March 19, 2021



Ukraine sees record number of COVID deaths
Ukraine registered a record daily high of 289 coronavirus-related deaths over a 24-hour-period on March 17, leading the prime minister to urge local authorities to impose stronger restrictions to contain its spread. Ukraine last month prolonged a lockdown until the end of April but allowed regions with fewer COVID-19 cases to ease some curbs. Health Minister Maksym Stepanov said a record number of Ukrainians were taken to hospitals with COVID-19 on March 16: 4,887 people, almost 15 percent more than the previous highest figure of 4,250 people registered on March 11. The number of hospitalizations did not exceed 2,000 during the country’s late 2020 peak of the pandemic. Mr. Stepanov said 11,833 new infections had been registered over a 24-hour-period on March 17. Ukraine has reported a total of 1,489,023 coronavirus cases and 28,986 deaths so far. “The situation with the coronavirus is disappointing, there are a lot of hospitalizations and severe cases. New strains spread quickly and lead to more dire consequences,” Prime Minister Denys Shmyhal told a televised government meeting. “A local government has the right to increase restrictions and therefore I urge local authorities not to wait for any instructions, but to make the necessary decisions. If you see an increase in the number of sick people – the number of hospitalized – introduce additional restrictions.” The authorities in the largest Western Ukrainian city of Lviv are introducing a strict lockdown from March 19, closing cafes, restaurants, non-food stores and introducing a ban on public events. Last week, authorities also closed the country’s largest ski resort in the Carpathian Mountains. (Reuters, with reporting by Pavel Polityuk)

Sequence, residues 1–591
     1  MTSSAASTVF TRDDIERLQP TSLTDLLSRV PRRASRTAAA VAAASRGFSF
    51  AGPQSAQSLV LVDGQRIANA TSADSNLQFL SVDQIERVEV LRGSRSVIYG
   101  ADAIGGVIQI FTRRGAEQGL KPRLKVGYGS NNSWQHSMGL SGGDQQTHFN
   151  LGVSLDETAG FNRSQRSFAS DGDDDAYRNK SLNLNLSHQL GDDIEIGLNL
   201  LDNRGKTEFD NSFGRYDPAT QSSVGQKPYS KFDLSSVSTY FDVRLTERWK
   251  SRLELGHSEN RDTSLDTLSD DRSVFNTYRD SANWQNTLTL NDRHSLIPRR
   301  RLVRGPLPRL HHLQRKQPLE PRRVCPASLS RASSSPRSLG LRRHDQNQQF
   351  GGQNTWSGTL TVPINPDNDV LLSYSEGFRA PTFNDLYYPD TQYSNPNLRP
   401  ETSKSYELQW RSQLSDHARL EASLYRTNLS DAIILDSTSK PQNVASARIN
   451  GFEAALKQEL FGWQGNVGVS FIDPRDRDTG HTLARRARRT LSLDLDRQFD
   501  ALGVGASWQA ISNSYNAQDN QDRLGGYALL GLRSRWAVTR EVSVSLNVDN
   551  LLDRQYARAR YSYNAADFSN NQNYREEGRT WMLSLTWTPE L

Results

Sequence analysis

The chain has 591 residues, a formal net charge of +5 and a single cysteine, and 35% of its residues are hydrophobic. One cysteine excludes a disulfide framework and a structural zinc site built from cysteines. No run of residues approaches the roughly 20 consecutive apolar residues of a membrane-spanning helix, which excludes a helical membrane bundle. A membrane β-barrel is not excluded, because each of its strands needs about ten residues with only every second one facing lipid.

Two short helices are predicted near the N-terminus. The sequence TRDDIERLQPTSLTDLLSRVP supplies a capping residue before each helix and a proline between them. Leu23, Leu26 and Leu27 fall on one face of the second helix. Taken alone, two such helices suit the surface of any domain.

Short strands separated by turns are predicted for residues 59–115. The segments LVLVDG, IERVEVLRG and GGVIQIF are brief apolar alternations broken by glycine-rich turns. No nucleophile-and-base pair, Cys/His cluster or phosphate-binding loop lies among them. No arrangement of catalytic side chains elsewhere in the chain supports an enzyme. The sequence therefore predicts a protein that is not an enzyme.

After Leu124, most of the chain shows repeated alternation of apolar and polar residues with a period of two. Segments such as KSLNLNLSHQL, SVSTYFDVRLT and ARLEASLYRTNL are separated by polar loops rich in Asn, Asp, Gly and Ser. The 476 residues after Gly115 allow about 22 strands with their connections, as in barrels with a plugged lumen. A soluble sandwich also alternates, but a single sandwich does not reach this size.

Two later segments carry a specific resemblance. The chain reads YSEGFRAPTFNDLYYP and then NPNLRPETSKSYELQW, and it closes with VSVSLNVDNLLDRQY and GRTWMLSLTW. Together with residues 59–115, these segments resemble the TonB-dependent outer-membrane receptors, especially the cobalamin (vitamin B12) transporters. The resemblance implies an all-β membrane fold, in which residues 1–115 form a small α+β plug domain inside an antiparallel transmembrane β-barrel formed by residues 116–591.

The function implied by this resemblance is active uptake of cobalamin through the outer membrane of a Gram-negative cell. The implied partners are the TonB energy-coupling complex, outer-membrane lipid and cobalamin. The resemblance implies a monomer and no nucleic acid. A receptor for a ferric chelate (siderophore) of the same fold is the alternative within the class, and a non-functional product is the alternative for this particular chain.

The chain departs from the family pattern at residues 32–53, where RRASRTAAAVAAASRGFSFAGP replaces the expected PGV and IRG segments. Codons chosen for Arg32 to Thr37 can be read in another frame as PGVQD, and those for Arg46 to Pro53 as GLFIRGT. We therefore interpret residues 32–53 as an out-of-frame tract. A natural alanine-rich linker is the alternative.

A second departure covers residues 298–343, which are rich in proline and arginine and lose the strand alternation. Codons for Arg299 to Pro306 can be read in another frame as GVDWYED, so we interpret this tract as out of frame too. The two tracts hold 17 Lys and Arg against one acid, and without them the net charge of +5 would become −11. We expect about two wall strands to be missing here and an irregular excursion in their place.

Ukraine accuses Russia of fresh cyberattack
Ukraine’s State Security Service (SBU) said on March 16 it had prevented a large-scale cyberattack by Russian hackers targeting classified government data. The SBU said the aim was to “get access to classified data of the highest institutions of state power of Ukraine” and accused the Russian Federal Security Service (FSB) of being behind the hackers who it said had carried out the attack. Kyiv has previously accused Moscow of orchestrating large cyberattacks as part of a “hybrid war” against Ukraine, but Russia denies this. The FSB did not immediately comment on the latest accusation. The SBU did not say whether any damage had been caused in the latest incident, which it blamed on an FSB-controlled hacker group it identified as Armageddon. In February, Ukrainian cyber authorities accused unnamed Russian Internet networks of attacks on Ukrainian security and defense websites, and of trying to disseminate malicious documents through a Web-based system. Relations between Kyiv and Moscow have been strained since Russia illegally took control of Crimea from Ukraine seven years ago after sending in troops, seizing key facilities in February 2014, and staging a referendum weeks later that was dismissed as illegitimate by at least 100 countries. Moscow also backs separatists in a war against Ukrainian government forces that has killed more than 13,000 people in eastern Ukraine since April 2014. (RFE/RL’s Ukrainian Service, with reporting by Reuters)

Journalist arrested on espionage charge